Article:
Indiana is the 15th most populous state (big urban centers like Indy and Chicagoland), and perhaps a bunch of people registered to vote that support the Democratic Party. I think there is motivation to vote Democratic this election, especially for those who have been fucked over by Republican policy or are Anti-Bush, and there is not the same type of motivation to vote Republican.

  • I wonder if it would make a huge difference if lil george could run. he's pretty unpopular at the moment, but he can smile convincingly. and raise his arms.

  • It will be interesting to see what it will look like on Nov. 5. Also what will happen if this election gets stolen again and will the sheeple stand still for it again. I can only hope that Obama gets way more votes than McSame can steal.

  • Even honest people may not know themselves well enough to be accurate in self-representation — they say one thing (whatever they think they SHOULD think) and then vote out of fear or gut reaction. Especially those who don't consider themselves racist, but are, deep down, too chicken to vote for a black man. Other black men running well in the polls failed in the booths. Sad, stupid, and true.

    Most Americans don't know the difference between debt and deficit, or anything about trade, finance, etc. This leads them to vote on ethereal things, like morality, because THAT, they know. Or think they do, since their notions of morality were formed in childhood and locked in a box marked Do Not Disturb.

    Also, we'll see how many young people, low-wage earners, unemployed folks, and other more marginalized elements actually pull the lever.

  • I have a long write-up on the "Will anyone new actually show up to vote?" issue – was going to put it up this week, but it'll wait till monday.

    Generally, though, I think it is fair to be skeptical.

  • – Also hooked on ginandtacos
    – The last sentence could make it into one of your "logical fallacies" writeups. "If these unexpected events happened, then we shouldn't be skeptical of any outcomes."
    – You are attributing people's expectations to them weighting recent history as a predictor of this election. That may not be why people's expectations for some states are what they are.

    For example, ND may have some democratic officials, but they've gone GOP in every presidential election I can remember (back to '88, the first presidential election I voted in.)
    The last time a Democrat won in VA? Google search says it's '64. That's not exactly recent history either.

    Bush Sr. won in CA? You think that might have anything to do with Reagan having been CA governor, and him being bound to Reagan?

    I adore Gin and Tacos. It's entertaining. It's challenging.
    And your conclusion (that most states could go red OR blue) is dead on. Most of the states are won by small margins.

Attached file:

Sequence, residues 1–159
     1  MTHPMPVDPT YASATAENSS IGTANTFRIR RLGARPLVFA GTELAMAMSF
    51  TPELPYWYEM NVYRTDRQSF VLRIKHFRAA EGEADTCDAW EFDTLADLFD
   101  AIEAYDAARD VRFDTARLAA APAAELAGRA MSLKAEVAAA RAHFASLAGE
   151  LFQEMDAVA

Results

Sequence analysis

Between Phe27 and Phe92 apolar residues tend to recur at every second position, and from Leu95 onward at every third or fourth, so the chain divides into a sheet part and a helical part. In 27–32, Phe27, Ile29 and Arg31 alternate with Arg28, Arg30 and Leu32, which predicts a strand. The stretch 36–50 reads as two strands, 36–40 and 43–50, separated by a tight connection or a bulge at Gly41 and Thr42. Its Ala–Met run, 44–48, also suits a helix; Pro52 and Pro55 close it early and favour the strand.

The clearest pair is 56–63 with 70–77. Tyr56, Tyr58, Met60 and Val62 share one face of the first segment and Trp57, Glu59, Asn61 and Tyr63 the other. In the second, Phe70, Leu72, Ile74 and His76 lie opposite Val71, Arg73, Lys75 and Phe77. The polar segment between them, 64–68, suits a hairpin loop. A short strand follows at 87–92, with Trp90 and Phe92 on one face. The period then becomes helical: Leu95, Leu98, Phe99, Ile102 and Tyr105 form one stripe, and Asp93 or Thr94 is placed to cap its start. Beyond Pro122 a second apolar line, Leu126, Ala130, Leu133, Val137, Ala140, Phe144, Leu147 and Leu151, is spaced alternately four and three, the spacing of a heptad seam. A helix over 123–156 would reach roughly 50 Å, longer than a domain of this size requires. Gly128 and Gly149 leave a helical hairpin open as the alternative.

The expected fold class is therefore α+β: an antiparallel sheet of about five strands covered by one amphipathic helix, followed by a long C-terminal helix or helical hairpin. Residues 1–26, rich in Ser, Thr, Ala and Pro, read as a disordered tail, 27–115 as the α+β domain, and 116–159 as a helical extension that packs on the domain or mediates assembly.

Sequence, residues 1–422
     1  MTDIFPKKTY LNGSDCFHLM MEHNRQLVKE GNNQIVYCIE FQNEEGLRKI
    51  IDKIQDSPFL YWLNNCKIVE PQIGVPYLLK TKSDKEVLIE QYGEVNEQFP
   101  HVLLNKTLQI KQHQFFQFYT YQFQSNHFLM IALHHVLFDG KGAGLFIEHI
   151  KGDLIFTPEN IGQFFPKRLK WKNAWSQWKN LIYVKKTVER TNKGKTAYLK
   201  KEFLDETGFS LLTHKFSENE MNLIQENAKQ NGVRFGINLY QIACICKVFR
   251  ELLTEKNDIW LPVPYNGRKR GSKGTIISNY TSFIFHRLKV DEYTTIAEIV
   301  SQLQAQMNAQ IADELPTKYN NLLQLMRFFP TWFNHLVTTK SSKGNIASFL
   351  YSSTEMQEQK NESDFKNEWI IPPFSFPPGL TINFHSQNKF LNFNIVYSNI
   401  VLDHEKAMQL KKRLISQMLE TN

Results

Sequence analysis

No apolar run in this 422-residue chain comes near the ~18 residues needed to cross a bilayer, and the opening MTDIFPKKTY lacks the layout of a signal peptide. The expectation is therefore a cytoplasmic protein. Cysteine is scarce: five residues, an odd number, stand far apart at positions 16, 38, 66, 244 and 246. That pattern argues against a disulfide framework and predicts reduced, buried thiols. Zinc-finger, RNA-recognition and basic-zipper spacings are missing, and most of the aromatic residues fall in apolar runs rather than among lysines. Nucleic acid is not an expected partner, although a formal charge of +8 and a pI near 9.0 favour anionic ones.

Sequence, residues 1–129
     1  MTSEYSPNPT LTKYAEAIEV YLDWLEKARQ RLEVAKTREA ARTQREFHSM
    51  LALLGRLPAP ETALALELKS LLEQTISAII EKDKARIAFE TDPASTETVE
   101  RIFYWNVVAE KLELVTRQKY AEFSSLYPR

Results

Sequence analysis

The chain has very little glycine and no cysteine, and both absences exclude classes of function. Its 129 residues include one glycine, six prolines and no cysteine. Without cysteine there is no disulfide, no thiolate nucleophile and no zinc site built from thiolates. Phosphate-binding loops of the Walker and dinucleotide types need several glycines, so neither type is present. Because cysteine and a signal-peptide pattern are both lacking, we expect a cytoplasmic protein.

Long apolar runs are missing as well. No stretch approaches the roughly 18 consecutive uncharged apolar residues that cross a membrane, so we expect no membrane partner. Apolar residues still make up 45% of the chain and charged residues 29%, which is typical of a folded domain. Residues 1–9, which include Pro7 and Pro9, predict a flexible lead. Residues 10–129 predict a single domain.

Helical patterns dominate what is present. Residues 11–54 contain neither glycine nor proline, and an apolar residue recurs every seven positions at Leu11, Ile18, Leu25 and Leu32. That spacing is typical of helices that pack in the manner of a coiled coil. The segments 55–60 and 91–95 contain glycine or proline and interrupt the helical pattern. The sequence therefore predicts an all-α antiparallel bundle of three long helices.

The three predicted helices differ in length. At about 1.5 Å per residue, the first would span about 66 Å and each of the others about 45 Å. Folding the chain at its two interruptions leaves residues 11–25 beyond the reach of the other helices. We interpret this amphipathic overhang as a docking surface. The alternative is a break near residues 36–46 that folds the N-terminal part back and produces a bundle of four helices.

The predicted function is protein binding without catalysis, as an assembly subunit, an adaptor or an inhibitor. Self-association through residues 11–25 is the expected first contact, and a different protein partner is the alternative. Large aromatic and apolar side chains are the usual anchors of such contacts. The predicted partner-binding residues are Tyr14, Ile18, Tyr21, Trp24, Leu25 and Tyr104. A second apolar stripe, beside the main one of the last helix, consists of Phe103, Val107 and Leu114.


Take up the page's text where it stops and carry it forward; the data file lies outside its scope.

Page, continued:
But I don't think people's strong doubts of plausibility (myself included) come from a short memory. I think it's a combination of "light on facts" (as you noted) and "inclined to bet".
    They come from other things—UT polls WILDLY red, and the Mormon church is right now pushing Prop 8 in CA so hard that you know there's no way UT is voting for Obama—he doesn't hate the gays enough.
    California going red? Well, here I have a strong local observation bias. I see a small fraction of CA citizens and assume that there's no way McCain's winning CA.
    Can Obama win N.C. or OH? I'm just reacting to all the "Ohio" and "Racist Drunk Rednecks" videos. Yup, it's totally wrong.

  • Last sentence intended as anecdotal. Point being simply that looking at the map and saying "No, that can't happen there" isn't very useful.

    Polls in Virginia aren't even close – Obama is up 15 in the latest. It doesn't have a history of voting for Democratic presidential candidates, but the explosive growth of the Northern Virginia area – with the highest per capita of college graduates in the country – has the state clearly trending that way in the past four years.

    I don't think he'll win North Dakota, but the point is that the state isn't averse to voting for a Democrat. Not any Democrat, but the right Democrat. Or, say, in an election where the GOP candidate is terrible.

    The GOP candidate won California in every single election between 1952 and 1988 excepting 1964 when Cap'n CrazyPants was the GOP nominee. I don't think Reagan was responsible for all of those.

  • Half the people I know in the Triangle aren't NC natives. Driving down Duke St. is a sea of blue Obama signs. Before I lived in Durham I lived in rural NC and though there are a lot of rednecks there, there are even more black people. NC is going blue. But the pessimistic Democrat in me is going to be making calls tomorrow to make sure people know where their polling places are and that they have rides. Just in case.